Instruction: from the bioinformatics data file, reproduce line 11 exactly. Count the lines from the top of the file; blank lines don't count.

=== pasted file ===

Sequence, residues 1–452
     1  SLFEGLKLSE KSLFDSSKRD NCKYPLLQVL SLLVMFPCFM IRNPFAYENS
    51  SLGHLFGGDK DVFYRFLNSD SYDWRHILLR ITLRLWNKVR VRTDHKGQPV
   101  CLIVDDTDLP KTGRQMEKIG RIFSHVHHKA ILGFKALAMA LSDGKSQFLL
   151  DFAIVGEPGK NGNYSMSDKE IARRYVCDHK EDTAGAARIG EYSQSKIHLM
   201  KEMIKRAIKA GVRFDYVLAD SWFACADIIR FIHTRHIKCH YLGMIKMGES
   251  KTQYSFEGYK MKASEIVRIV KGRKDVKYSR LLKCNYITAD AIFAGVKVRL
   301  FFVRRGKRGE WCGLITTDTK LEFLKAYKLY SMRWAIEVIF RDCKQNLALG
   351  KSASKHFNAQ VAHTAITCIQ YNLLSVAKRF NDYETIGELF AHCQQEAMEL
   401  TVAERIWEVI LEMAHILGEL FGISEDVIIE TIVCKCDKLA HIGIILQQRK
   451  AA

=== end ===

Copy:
   451  AA